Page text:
"working on my faults and cracks..."


tell all your friends of the boy from which your accent comes

Have you ever thought about humble pie? Wondered if it were actually a dessert dish? I mean, pie should just be pie, right? Apple, peach, blueberry, lemon meringue, key lime--a fruity universe of choice. But what if it were more of a meaty, crusty, zesty, dinner-worthy entree? An agonizing chore to douse with ketchup and choke down before going to watch Full House? I oft wonder if the response to this humble conundrum is not unlike the "glass half-empty/full" metaphor. Well anyway, it's taken me the better part of 18 months to eat all the way down to the pie tin, and I still have no idea. Seems like all I've got to show for it is an unpleasant metallic aftertaste, and these ketchup stains on my shirt.

Time in the Japanese language has taught me a lot about my own native English--usage of adjectives and their synonyms, mostly. The ongoing process that began a little over five years ago, has been an exhausting trial in patience and frustration, as well as a grim lesson in frivolity, complete with all the haphazard convenience most often tucked behind a blaring red "As Seen on TV" sticker.

I've recently begun to liken the experience of learning a foreign language to a human being learning to walk (a period in my life I remember with miraculous clarity, smartass). It begins with painstaking first steps, as learning patterns are established, and a basic foundation is laid. With the passing of time, your ability and confidence slowly grow. Then, knowing neither physical limitation nor fear of failure, you learn to run at a reckless, broken pace. Head filled with pride, naivety, and the reassurance that you've finally got everything figured out, you pack your life in a suitcase and move to a land of fellow walkers to put your newfound ability to the test.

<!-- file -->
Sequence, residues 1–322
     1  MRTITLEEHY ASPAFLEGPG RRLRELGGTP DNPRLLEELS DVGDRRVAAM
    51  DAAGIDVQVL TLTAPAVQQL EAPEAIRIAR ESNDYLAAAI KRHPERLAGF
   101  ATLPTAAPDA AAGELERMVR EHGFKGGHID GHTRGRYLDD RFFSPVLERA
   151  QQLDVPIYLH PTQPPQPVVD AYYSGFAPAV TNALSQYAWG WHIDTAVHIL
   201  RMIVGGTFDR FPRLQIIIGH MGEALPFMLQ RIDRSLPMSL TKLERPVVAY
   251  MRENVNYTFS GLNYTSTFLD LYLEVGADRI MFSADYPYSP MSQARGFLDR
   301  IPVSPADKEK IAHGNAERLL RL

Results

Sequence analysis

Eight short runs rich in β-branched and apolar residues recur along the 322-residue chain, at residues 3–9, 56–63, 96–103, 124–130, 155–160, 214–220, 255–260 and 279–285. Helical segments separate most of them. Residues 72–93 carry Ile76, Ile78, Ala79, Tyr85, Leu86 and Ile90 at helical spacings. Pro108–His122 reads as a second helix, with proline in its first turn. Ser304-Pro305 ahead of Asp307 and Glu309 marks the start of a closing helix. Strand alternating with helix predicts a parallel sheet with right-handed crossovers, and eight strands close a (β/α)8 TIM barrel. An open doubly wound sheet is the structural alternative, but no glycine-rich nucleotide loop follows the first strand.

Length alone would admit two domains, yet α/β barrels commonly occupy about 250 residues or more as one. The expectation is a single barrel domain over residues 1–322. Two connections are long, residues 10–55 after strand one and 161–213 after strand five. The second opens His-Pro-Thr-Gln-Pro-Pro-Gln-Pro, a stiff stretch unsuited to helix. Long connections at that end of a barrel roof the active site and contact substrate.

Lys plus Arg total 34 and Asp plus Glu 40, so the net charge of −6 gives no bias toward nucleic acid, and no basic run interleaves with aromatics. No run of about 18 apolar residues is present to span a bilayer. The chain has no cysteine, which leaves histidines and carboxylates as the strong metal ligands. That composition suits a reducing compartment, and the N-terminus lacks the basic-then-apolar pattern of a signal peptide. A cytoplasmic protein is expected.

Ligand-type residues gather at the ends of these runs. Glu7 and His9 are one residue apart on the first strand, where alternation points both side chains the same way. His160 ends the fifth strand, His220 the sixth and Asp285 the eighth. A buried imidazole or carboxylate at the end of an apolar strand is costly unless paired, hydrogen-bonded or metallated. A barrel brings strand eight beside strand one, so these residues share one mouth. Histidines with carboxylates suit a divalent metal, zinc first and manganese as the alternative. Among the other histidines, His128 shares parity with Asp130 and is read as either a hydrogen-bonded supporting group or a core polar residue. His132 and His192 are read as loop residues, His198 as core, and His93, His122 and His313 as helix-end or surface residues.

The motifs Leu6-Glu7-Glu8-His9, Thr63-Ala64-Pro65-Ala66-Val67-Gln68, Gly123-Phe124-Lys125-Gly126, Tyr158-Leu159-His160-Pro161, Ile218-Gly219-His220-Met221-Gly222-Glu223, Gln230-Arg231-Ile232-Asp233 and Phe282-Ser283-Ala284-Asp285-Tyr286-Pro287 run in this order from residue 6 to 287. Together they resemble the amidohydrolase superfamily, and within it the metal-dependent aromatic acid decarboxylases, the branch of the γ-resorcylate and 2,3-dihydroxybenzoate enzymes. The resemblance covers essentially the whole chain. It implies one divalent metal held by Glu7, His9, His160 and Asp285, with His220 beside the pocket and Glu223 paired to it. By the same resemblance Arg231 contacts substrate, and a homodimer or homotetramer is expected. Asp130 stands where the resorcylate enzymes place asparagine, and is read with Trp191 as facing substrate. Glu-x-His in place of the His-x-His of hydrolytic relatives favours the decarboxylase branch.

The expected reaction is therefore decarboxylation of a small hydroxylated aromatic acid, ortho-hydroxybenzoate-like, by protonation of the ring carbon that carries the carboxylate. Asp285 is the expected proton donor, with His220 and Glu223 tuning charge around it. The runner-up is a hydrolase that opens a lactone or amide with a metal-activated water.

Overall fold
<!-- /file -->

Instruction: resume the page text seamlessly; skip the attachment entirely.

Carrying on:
Upon arrival, you find that it's a place where everyone already knows not only how to walk, but how to run, how to climb up and down, how to balance the low-wire, the high-wire, and the checkbook. They can cartwheel, shimmy, samba, and perform a nearly unlimited range of other movements available exclusively to those with long legs and a pair of feet (ostriches, kangaroos, and Jesus lizards notwithstanding). But somehow the expectations were different. You hadn't expected them to take these gifts for granted. Your raging hard-on for bipedal locomotion quickly deflates with the enthusiasm on which it rode, as the realization that all the time in the books was spent towards giving you a skill that everyone else has innately possessed since spilling from the womb.

So the hastily-concluded moral to my anticlimactic shitpile of a story, still fresh in its telling?

Two feet, do not a record-setting Olympian make.


5 contributions to this piece:

Valerie said...

Bad day at work?

Michelle said...

Remember all the time they have to spend in the books to be able to come here, too. We all possess innate skills; it's just a matter of recognizing and attaching value to them.

Dagbert said...

Bad day at work... Not really. Just waking up and smelling the pie.

Oh, and no books for these guys--they were born with it.

Fonz said...

You have a way with metaphors, always masterfully crafted for excellent emphasis.

When I came to "Your raging hard-on for bipedal locomotion quickly deflates with the enthusiasm on which it rode" I remembered why your blog kicks ass and is worth checkin in on.

Best of luck with your walk

Dagbert said...

Actually wasn't a metaphor. I totally had a hard-on.

Thanks tho.

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